4 tablespoons white corn masa harina, diluted in 6 tablespoons water or chicken stock.

Notes:
*I used my spice “coffee” grinder to pulverize the toasted pepitas. Pulsing on a food processor might work too.
** Smell and taste the epazote, if this is the first time you use it, taste it it has a minty-liquorice flavor. If it is to strong for you, start by adding ½ the amount, adjust to your tastebuds.
*** I made my chicken stock using a small whole chicken. I usually add to my stock, 1 carrot, ½ onion, 1 long celery stalk, 1 teaspoon thyme, 1 teaspoon oregano, 1 large bay leaf , salt and pepper to taste. It is easy to prepare, you make the most of your ingredients, using the stock and the chicken.
****Why baby greens? because they are tender and the flavor will not mask the nutty delicate pepita flavor.

For Vegan version: Use a roasted vegetable stock, preferable to add extra flavor.

Mariana's-Pipian-Verde_baby-greens

Preparation Method:

1.In a blender add the chopped tomatillos, poblanos, serranos, onion, garlic, epazote leaves, parsley leaves, romaine lettuce, power baby greens, toasted anise seeds, toasted cumin, peppercorns, salt, 1 to 1 1/2 cups of chicken stock and a drizzle of extra virgin olive oil, and blend well for about 3-4 minutes until pureed.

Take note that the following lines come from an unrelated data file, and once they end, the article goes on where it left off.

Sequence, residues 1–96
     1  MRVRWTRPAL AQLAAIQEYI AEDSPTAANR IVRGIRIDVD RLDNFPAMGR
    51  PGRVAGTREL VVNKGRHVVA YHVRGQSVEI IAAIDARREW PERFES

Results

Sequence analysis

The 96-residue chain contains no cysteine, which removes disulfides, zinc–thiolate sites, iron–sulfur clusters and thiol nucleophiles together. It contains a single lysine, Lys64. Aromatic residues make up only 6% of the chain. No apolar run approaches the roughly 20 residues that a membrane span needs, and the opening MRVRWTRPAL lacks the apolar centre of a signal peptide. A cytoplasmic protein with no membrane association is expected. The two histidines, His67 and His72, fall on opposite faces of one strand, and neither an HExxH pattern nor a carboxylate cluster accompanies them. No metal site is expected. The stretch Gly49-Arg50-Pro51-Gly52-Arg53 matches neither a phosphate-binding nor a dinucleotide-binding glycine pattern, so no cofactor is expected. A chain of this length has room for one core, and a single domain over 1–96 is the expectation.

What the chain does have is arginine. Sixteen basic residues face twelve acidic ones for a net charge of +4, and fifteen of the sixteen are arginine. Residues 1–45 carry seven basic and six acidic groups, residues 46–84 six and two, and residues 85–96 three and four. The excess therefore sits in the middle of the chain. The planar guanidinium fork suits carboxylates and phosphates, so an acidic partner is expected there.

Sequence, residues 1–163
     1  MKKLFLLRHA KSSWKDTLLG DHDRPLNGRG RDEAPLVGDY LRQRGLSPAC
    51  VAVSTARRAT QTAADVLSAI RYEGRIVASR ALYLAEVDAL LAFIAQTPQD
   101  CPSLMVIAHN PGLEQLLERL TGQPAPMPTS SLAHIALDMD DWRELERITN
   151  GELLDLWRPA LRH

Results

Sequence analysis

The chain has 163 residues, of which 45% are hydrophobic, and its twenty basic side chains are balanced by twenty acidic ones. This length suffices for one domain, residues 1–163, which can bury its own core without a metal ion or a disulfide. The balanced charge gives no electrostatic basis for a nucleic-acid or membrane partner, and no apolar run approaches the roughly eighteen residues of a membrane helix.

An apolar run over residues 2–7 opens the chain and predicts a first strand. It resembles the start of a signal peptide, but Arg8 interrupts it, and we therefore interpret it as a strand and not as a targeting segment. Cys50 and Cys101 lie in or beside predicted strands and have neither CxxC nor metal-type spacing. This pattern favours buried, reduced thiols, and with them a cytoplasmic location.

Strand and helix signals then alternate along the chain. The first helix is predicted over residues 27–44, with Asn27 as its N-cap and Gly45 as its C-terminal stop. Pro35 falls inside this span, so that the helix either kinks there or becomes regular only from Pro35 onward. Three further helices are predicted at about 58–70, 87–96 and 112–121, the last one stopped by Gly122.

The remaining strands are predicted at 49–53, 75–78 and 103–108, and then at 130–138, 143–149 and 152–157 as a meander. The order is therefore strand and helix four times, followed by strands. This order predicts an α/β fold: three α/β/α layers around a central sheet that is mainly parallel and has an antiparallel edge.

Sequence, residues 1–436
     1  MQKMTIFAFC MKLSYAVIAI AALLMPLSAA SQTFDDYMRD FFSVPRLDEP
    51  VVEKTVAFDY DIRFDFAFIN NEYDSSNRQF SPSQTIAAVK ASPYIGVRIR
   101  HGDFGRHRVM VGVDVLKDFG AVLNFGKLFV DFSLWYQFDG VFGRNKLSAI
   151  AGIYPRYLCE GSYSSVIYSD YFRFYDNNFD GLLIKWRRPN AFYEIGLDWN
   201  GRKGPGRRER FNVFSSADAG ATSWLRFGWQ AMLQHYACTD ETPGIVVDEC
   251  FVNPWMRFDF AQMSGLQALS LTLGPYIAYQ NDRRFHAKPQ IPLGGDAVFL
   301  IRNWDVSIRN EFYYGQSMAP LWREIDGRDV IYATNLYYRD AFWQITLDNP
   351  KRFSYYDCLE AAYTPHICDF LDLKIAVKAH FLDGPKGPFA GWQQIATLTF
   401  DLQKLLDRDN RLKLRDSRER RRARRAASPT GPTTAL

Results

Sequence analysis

Mariana's-Pipian-Verde_blend-it-up!
2. On a 7 QT. clay or enamel Pot, drizzle some extra virgin olive oil. Once it starts to ripple , carefully add the green blended concoction. It might splatter so use an apron. Stir, and let low simmer for 10 minutes. Remove any white foam that comes to the surface. Stir now and then.
3. With the help of a whisk incorporate into the green sauce the pulverized toasted pepitas little by little to avoid clumps. If the sauce is getting to thick add one more cup of warm chicken stock little at a time. Chicken stock has to be warm so the mole do not break and separate.